Sometimes we need to roll around in the mud and the muck with Kali, in order to embrace our own transformation. It is especially true in this season, the darkest time of the year, this time as we approach the Winter Solstice. When we actually remove ourselves from the glaring lights of the city, of department stores, of holiday frenetic cheer, when we find some space of isolation, we realize that the darkness is there too. When we accept the darkness, we are more ready and able to turn our gaze toward the light.
I just taught the best Private Yoga session ever!
Seriously though, I love working with yogis one-on-one, there is so much to be gained, both for you, the practitioner, and for me, the teacher.
Here are THREE reasons why you should invest in yourself!
FIRST: We've all heard that yoga can heal. But can yoga be effective in a public class, where the teacher's attention is divided among 20 different people, all with unique bodies, strengths and limitations? Sort of, but it requires an incredible amount of knowledge and awareness from the practitioner to facilitate their own healing within that framework. Better, if a teacher can work one-on-one with a student, then that very skilled teacher can pinpoint areas of strength, weakness, tightness or laxity, then provide specific cues, actions, engagements and releasing, to better facilitate the healing process.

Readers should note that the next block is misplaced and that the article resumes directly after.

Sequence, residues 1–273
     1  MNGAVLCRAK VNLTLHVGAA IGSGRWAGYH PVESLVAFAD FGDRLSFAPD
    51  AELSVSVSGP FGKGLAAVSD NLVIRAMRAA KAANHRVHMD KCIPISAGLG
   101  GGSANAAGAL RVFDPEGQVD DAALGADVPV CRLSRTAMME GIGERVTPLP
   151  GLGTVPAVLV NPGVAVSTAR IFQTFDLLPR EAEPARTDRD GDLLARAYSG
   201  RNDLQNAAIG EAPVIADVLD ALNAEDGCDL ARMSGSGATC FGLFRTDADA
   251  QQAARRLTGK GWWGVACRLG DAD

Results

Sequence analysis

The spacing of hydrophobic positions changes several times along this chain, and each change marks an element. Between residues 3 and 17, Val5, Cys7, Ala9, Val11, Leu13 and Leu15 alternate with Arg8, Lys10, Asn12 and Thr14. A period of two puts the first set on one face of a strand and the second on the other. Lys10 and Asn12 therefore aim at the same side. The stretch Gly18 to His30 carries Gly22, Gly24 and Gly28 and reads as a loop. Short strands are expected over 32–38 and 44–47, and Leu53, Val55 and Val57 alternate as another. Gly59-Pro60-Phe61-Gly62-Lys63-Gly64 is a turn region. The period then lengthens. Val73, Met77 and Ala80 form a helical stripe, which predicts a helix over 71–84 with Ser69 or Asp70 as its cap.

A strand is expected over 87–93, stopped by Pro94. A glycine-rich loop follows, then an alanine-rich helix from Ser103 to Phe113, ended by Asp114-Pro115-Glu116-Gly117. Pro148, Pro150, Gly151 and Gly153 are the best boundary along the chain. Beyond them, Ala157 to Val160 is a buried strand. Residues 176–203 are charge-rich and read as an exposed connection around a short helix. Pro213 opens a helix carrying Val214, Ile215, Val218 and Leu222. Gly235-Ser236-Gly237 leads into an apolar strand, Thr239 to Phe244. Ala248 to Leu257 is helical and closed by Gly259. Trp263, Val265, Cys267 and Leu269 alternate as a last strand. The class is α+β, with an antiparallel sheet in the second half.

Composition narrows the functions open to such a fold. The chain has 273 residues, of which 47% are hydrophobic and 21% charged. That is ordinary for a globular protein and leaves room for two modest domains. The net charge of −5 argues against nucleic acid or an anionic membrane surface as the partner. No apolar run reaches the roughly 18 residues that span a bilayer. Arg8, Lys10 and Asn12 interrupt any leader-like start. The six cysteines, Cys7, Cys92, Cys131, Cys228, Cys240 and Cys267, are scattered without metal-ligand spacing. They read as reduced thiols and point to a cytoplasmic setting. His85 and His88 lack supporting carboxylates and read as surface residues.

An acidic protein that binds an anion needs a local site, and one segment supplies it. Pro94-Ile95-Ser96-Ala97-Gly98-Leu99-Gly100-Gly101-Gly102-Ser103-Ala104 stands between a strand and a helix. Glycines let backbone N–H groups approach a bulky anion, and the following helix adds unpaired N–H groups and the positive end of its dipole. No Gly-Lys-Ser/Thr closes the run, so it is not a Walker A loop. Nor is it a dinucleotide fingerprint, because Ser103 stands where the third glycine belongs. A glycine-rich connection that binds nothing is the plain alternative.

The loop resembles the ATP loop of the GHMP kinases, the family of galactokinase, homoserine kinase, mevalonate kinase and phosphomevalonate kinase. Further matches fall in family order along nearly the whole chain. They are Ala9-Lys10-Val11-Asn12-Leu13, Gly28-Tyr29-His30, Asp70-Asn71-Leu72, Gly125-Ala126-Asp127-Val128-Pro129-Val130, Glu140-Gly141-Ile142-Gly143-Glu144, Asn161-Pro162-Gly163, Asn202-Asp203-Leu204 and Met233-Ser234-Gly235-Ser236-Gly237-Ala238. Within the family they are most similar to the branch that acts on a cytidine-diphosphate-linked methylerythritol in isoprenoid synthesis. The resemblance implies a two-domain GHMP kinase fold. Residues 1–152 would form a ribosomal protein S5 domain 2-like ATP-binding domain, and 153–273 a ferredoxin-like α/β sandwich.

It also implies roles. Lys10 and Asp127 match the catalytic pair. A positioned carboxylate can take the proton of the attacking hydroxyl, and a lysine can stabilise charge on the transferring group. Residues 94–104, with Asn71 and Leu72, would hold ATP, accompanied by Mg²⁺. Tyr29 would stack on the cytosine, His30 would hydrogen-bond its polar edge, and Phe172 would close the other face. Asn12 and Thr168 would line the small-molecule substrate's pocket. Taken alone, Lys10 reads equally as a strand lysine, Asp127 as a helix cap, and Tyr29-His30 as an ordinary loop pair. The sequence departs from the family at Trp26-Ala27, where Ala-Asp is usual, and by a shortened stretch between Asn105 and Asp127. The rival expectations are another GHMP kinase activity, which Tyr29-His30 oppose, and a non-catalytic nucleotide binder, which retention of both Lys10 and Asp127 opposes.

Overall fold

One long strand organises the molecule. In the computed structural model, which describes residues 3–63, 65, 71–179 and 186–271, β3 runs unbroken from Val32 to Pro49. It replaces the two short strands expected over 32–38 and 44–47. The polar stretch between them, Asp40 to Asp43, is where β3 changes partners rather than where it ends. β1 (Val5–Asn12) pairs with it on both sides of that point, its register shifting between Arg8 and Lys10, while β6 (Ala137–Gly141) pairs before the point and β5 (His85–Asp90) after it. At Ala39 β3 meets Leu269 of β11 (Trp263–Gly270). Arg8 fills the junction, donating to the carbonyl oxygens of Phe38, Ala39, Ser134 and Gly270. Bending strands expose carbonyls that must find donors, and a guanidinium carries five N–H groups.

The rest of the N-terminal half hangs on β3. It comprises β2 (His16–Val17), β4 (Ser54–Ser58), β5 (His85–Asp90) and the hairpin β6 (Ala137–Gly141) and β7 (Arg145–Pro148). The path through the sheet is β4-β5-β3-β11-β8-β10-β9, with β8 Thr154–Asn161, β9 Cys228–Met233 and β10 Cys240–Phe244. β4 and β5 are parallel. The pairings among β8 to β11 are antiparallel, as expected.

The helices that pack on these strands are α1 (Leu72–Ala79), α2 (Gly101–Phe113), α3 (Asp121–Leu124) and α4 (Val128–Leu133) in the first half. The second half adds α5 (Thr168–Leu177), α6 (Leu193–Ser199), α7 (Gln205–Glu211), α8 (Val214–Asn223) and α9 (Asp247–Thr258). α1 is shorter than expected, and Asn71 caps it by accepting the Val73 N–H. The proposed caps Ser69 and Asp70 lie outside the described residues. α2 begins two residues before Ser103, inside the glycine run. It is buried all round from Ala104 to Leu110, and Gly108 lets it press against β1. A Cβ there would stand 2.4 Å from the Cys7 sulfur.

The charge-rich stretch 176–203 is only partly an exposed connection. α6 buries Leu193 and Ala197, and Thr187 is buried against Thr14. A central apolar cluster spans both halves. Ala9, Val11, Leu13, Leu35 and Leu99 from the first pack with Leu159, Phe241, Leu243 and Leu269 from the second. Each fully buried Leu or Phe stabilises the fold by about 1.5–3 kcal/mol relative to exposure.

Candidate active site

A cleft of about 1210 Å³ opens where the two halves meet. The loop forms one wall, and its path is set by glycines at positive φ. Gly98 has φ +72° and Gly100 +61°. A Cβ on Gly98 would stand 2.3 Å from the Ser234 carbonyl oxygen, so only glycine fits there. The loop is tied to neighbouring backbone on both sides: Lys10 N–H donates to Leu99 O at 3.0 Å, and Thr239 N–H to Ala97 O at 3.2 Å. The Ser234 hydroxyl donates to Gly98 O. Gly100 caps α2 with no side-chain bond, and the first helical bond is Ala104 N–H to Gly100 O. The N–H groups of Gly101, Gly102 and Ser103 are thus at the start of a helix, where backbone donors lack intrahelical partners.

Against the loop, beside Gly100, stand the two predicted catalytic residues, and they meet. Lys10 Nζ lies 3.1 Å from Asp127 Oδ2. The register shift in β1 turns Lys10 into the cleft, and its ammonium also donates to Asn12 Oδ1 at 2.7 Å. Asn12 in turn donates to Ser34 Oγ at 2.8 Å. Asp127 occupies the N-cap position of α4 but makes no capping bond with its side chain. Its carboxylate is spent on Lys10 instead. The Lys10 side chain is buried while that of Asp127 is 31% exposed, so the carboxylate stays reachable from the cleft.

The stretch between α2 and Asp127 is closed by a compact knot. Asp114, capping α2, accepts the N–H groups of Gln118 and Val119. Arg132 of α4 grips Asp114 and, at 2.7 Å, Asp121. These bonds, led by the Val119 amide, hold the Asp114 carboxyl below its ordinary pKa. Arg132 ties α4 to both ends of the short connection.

SECOND: You work REALLY HARD, so an hour is a lot of work! In a Private session we can cover a lot of ground. And because all attention is on you, and you want to do your best, you work really hard to do it right! The time invested is well spent.
THIRD: What do you want out of your yoga practice? Want to get stronger? More flexible? Better backbends? Or, more relax and restore? Meditation? Breathing? What you want out of it is what you get. It's YOUR class! A Private session is neither whatever the teacher feels like teaching that day, nor a conglomeration of poses thrown together from conversations at check-in as to what various students would like to address in that class. A Private session is YOURS and only yours. So, what do YOU want to accomplish today?
Are you interested?
Contact me for details:
fb: Kristen Boyle Indieflowyoga
I have been considering this word a lot lately.
My very recent story is that I left my husband in pursuit of me. Of my truth. Of my dreams.
Why? Because my SELF was being sacrificed in our relationship.
And I don't mean that he demanded this or that of me, but in subtle ways, yes, he did. He demanded what he needed, and the direction I needed to grow could not meet his needs.
I was accused of being neglectful to our family.
I was in one conversation supported as I reached further, set new goals, stretched to grow in new ways. In the next conversation questioned, suspected, and accused.
Essentially, I was giving up ME in that relationship.
So I left it. (and it wasn't easy... in fact, it took years.)